Oil prices improved during Asian trading hours Monday after OPEC+ reached an unprecedented deal to slash production, while global stocks slumped ahead of a week chock full of reports that will offer a look at how major economies and corporations have been hit by the coronavirus.
US oil futures advanced 5% to $23.90 a barrel as traders returned from an extended holiday and cheered a deal to slash oil production by 9.7 million barrels a day starting next month. Futures for Brent, the global benchmark, climbed 4.5% to $32.88 a barrel. The deal is meant to help stabilize the energy market, which has been rocked by a price war and the coronavirus pandemic.
In stocks, Japan's Nikkei 225 (N225) and South Korea's Kospi (KOSPI) fell 1.2% and 0.8%, respectively, in early trading. China's Shanghai Composite (SHCOMP) lost 0.6%. Hong Kong markets remain closed for the Easter holiday and will reopen on Tuesday.
Meanwhile, Dow (INDU) futures fell 320 points, or 1.4%. S&P 500 (SPX) futures and Nasdaq (COMP) futures were also down about 1.4% each.
Investors are anticipating a busy week.
On Friday, China is scheduled to release its first-quarter GDP figures that will reveal how badly the coronavirus crisis damaged the world's second largest economy. Many economists are predicting the country's first contraction in decades.
And many companies will report first quarter earnings this week, which are expected to be dismal because of the coronavirus crisis. Major banks, including JPMorgan Chase (JPM), Wells Fargo (WFC) and Goldman Sachs (GS) are set to report during the first half of this week.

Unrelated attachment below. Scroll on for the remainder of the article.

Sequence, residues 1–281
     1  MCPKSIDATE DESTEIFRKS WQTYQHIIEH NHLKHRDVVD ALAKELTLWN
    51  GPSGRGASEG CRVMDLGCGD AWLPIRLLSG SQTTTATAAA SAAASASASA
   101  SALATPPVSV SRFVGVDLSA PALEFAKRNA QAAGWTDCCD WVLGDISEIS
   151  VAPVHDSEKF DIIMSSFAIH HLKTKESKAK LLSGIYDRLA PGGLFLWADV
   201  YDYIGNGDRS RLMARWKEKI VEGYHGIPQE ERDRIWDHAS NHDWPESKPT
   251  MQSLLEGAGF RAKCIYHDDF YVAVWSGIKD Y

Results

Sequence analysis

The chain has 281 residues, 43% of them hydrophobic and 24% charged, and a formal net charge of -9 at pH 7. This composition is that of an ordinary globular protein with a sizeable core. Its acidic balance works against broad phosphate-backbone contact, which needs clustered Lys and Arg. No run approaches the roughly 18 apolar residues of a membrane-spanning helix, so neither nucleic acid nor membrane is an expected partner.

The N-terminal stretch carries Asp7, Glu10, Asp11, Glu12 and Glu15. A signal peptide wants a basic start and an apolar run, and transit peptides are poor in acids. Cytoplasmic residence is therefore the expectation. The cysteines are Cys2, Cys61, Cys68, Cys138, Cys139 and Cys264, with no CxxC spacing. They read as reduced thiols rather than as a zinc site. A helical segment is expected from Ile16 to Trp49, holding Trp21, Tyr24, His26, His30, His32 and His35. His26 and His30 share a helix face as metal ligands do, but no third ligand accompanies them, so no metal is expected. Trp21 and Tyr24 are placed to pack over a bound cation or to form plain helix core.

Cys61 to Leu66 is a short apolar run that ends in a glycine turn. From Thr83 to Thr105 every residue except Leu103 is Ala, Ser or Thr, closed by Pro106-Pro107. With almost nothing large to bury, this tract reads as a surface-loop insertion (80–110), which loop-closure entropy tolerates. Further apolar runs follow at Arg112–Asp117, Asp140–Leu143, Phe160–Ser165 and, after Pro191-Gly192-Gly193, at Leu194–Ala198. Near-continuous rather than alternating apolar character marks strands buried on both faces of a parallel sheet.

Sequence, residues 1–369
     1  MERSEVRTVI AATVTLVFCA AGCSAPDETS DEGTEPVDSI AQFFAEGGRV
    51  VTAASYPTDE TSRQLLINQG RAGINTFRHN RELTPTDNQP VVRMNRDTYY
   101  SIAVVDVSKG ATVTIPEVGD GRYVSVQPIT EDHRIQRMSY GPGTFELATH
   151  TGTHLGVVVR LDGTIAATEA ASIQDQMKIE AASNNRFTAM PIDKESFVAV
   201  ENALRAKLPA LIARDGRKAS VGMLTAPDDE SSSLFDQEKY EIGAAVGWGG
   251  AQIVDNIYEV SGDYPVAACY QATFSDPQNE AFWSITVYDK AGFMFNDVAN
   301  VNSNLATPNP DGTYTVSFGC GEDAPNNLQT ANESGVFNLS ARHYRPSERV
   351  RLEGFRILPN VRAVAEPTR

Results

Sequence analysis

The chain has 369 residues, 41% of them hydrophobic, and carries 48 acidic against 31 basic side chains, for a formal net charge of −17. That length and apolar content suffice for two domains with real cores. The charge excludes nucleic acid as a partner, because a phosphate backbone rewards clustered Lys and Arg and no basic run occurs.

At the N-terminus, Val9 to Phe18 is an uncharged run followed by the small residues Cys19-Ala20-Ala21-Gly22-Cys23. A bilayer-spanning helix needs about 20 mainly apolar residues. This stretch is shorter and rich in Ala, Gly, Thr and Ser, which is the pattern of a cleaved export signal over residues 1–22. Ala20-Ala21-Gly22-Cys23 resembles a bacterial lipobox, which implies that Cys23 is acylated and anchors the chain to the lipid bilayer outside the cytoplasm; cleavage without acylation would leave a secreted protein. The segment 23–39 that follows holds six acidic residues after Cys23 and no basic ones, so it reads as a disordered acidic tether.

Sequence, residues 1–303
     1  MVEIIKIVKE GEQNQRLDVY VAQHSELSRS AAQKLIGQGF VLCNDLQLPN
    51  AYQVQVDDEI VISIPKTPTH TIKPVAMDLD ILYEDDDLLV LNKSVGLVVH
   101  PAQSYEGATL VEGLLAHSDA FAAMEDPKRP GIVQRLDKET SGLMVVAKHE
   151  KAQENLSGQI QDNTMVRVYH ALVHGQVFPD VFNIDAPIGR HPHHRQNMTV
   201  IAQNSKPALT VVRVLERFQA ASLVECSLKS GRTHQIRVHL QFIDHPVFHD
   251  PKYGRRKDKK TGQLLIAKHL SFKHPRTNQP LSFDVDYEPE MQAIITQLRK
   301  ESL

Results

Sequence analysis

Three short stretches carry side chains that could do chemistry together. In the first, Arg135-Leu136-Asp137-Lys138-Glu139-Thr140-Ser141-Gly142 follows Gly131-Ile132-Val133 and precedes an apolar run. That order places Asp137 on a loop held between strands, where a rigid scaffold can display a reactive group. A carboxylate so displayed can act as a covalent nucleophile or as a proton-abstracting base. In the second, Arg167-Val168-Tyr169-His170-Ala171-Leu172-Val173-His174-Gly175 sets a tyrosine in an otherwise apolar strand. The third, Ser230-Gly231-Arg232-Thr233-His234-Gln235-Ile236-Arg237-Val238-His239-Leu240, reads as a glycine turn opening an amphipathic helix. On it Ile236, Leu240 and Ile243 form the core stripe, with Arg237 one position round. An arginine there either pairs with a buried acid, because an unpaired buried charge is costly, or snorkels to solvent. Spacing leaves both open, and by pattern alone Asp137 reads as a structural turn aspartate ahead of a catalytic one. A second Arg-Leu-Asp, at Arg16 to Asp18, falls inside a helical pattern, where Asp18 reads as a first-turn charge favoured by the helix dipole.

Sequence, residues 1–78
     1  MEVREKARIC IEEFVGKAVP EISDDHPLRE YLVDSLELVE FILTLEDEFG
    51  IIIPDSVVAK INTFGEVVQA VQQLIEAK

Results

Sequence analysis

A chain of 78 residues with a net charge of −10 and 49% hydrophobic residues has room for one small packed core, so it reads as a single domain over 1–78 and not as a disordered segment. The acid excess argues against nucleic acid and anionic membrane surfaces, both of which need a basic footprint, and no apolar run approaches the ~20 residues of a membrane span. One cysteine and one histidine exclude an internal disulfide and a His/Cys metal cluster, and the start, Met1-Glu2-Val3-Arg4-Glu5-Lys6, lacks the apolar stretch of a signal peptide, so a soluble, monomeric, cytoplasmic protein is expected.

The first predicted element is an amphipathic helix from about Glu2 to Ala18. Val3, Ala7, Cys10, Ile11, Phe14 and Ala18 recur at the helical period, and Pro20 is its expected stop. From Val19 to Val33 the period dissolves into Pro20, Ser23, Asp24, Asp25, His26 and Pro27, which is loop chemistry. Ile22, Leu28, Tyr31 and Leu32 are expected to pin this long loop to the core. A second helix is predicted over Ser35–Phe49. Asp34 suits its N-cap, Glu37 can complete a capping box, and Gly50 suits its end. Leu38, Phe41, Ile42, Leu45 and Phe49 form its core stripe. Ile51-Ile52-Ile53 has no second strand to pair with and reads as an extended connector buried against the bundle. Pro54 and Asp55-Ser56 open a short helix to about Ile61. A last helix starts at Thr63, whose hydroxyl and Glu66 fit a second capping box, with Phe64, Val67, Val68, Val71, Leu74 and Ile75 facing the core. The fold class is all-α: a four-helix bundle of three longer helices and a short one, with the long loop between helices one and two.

US retail sales and industrial production reports for March are also scheduled to be published on Wednesday, which will offer a further look at the toll coronavirus has taken on the country's economy.
Many businesses, particularly retailers and restaurants, are closed. The airline, hospitality and auto industries have ground to a halt.
SoftBank Group CEO Masayoshi Son says he has reached a deal to supply 300 million face masks a month for Japan, his home country.
As the coronavirus pandemic has forced people to stay inside, few companies have proven themselves as essential as Amazon. From groceries to cleaning supplies, shipments from Amazon (AMZN) have become lifelines for many who are steering clear of supermarkets and other physical retail stores. Company executives have likened the surge in demand to the annual holiday shopping crush.